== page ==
Today (23 July), the UK announced that staff involved in securing food supply will now be added to the COVID isolation exemption list – with the exception of supermarket workers
Currently, the only other sector with exemption to isolation rules is healthcare.
Secretary of Business, Kwasi Kwarteng, said: “We are very concerned about some developments, but I don’t want people to get the impression that every shelf in every supermarket is bare, that’s not the case.”
Do not have to be fully vaccinated
But in the wake of concerns about potentially empty shelves in supermarkets, the UK Government has now added people who work at food depots and manufacturers to their list of exemptions. This means that if pinged by the Test and Trace app, individuals can take a COVID test and continue working if they test negative. They do not have to be fully vaccinated.
A similar policy is in place for frontline healthcare staff, who can continue working with a negative test and double-jabbed status.
However, shop workers in the food industry are not part of this new exemption. If a shop worker in a supermarket is pinged and told to isolate, they still have to follow those instructions.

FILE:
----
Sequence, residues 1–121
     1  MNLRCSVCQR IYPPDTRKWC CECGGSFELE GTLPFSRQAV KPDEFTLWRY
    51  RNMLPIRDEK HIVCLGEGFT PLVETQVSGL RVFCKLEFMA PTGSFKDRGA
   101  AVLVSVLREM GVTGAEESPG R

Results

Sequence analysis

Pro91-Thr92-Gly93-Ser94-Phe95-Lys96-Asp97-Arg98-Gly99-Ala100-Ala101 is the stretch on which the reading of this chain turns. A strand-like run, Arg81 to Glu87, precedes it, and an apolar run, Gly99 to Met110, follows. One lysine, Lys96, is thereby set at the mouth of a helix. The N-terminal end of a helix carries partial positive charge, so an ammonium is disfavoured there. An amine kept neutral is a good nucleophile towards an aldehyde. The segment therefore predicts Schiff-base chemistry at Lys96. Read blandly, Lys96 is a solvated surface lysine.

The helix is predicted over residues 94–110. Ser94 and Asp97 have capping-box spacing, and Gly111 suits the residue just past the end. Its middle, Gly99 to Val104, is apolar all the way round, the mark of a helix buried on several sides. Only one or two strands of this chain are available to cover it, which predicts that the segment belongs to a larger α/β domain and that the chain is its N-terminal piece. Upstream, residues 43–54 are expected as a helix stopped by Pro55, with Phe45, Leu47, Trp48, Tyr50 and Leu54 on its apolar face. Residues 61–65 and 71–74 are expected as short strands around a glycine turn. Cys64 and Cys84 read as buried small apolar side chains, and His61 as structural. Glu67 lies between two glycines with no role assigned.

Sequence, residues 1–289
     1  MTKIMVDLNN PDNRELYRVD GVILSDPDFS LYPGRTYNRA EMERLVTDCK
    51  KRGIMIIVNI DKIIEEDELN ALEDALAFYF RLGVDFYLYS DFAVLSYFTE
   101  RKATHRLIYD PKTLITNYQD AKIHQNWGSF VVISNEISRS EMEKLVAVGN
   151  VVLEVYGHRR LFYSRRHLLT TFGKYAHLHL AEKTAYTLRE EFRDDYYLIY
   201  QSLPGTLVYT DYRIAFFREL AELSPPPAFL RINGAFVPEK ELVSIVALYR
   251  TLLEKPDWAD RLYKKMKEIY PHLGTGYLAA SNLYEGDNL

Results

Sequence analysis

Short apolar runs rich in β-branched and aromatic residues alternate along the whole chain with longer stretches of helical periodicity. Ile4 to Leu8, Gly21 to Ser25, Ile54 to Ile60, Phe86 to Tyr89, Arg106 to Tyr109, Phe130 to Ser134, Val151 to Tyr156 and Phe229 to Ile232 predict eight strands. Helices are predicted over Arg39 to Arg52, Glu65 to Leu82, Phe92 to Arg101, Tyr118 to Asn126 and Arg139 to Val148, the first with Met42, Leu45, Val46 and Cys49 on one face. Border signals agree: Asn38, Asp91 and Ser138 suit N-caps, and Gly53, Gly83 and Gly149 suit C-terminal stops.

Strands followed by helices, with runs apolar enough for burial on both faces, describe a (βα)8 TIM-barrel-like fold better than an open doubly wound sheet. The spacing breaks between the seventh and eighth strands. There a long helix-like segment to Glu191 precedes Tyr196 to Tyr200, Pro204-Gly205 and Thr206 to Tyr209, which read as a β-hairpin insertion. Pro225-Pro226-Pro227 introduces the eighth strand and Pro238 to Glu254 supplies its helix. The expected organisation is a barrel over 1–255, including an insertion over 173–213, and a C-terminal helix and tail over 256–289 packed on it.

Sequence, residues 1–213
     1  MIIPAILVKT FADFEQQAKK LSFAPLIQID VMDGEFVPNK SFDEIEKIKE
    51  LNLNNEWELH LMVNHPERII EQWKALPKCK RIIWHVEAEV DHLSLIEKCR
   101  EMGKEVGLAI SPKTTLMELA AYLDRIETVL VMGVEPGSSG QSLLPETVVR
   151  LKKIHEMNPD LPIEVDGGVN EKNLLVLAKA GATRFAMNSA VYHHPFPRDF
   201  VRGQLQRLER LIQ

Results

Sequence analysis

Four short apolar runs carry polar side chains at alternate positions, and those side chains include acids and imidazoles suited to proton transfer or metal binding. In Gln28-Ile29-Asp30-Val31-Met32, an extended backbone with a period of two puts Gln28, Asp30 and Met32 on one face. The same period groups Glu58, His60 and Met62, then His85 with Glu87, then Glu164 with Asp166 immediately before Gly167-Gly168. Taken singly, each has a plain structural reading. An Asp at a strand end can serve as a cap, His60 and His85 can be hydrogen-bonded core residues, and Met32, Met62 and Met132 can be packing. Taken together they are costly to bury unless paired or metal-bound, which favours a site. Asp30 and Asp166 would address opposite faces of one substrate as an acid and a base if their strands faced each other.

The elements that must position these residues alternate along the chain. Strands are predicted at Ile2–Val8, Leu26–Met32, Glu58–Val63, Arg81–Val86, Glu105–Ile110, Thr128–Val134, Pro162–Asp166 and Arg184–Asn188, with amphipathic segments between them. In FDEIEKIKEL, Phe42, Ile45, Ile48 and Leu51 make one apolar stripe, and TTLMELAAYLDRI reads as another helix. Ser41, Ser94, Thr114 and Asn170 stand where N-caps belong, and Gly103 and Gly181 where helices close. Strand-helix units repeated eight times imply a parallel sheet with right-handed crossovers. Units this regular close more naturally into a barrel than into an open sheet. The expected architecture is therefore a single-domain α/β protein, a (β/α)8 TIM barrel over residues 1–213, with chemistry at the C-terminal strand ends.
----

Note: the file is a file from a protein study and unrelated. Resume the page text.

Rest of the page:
Mixed reactions to the new policy
Iceland boss Richard Walker said: “The food supply chain only works if teams are in place to support at each stage – there’s no point in fixing the manufacturing and logistics issues if there is no one to put products on the shelves, serve customers at the till and deliver to their homes.”
After 16 August, double-jabbed individuals will be exempt from isolation if they test negative for the virus – so this new way of working will hold until the new policy of test and release comes in.
The British Meat Processors’ Association (BMPA) CEO Nick Allen said: “On top of the underlying worker shortage, we’re also hearing from some members that between 5% and 10% of their workforce have been ‘pinged’ by the (health service) app and asked to self-isolate.”